quinoa love

by Heguiberto on July 25, 2009

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it's always a party with quinoa love!

it's always a party with quinoa love!

This is the best time of the year for locally grown produce: Summer! Last Sunday we went to the farmers market at the UN plaza and found beautiful vegetables on sale for cheap! In fact vegetables are always cheap at this market. Many times they are organically grown or at least grown free of pesticides which is a good thing. This week the organically grown collard greens were on sale: 3 large bunches for only 2 bucks. The dry farmed cherry tomatoes were just a dollar a pound. You really can’t beat that anywhere else in San Francisco. Dry framed tomatoes may not be the cutest but I think that they’re especially flavorful due to the stress the plant goes through receiving only rain water. Don’t be afraid of vegetables that don’t appear classically shaped or colored. In the case of tomatoes, for example, the oddly shaped and colored ones tend to be more packed with flavor that the more conventional round, plump red ones. I almost wonder why they still even produce the flavorless tennis-ball varieties anymore.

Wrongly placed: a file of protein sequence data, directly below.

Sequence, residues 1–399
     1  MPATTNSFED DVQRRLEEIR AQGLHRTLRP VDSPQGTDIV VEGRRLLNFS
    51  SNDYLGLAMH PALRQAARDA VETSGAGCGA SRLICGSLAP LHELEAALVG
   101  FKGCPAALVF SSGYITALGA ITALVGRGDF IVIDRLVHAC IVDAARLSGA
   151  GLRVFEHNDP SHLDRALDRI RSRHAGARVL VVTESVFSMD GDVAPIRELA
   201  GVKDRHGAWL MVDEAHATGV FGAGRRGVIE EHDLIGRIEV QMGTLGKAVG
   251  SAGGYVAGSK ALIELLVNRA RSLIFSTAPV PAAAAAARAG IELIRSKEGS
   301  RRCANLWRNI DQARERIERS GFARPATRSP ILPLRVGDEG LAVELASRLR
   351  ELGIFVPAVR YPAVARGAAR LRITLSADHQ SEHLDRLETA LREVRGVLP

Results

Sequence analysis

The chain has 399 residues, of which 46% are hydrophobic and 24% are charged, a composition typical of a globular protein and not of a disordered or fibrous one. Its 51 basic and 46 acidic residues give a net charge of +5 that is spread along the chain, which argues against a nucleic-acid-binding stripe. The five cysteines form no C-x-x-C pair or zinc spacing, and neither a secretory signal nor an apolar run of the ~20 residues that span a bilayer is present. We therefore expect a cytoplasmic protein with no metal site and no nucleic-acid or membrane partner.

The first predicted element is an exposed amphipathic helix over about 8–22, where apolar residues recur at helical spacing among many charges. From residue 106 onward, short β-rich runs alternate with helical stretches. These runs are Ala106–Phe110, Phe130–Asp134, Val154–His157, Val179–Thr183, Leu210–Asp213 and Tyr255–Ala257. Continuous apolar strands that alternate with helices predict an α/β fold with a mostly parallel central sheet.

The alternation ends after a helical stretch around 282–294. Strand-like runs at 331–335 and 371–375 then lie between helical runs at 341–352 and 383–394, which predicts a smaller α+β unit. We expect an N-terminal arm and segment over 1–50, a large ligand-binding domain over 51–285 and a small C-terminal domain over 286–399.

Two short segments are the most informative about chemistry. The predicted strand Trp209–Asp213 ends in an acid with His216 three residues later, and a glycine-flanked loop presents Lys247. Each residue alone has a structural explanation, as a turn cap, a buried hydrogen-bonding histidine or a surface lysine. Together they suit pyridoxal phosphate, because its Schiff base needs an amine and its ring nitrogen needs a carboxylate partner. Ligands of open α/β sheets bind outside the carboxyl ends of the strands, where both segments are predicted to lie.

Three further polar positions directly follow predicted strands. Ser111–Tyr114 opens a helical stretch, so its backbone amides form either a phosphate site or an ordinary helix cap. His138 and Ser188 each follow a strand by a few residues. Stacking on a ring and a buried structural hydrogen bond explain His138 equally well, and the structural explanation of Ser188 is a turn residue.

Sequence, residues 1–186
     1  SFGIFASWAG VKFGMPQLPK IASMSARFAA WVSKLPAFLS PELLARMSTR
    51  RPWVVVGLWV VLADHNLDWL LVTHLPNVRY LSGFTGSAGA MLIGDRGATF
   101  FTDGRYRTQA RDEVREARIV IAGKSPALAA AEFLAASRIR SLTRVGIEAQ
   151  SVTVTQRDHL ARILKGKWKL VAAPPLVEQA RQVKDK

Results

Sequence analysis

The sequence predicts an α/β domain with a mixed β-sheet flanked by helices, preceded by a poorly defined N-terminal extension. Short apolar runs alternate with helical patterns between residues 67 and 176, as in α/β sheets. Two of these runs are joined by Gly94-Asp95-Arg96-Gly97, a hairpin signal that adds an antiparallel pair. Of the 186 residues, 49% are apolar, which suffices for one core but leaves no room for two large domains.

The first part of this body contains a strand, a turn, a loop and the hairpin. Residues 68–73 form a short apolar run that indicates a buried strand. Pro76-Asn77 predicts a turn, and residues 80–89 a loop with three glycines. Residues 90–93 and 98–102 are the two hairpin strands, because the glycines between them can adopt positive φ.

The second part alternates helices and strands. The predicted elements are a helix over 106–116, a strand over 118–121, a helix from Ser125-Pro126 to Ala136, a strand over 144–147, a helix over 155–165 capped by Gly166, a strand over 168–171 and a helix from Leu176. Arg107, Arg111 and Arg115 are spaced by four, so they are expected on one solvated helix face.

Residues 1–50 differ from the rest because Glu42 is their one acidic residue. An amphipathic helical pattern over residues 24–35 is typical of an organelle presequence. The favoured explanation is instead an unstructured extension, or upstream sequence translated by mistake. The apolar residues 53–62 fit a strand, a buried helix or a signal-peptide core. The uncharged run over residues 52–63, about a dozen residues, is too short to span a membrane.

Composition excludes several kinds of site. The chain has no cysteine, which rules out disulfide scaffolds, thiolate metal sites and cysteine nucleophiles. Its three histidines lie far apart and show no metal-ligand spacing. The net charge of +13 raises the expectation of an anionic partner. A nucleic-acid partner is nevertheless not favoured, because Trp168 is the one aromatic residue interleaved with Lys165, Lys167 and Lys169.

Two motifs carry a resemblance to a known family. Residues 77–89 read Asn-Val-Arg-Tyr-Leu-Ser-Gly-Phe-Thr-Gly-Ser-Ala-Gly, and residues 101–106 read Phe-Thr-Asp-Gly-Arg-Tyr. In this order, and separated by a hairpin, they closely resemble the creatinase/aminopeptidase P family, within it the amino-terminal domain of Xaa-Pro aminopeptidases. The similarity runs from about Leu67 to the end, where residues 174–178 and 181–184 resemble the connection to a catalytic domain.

fresh collard greens from the farmers market

fresh collard greens from the farmers market

The same day that we went to the farmer’s market we were also invited to our friend, John’s house for dinner, sort of last minute. I was already preparing Quinoa Love, so we offered to bring it over. Amazingly, John was thinking of making the same dish himself that very night! It was kismet, no?

How could we decline having a meal with friends? The food always tastes even better and more company makes the conversation more lively. Plus Clarence, our bulldog, was invited. He really enjoys visiting John’s. So it was a win-win situation all around.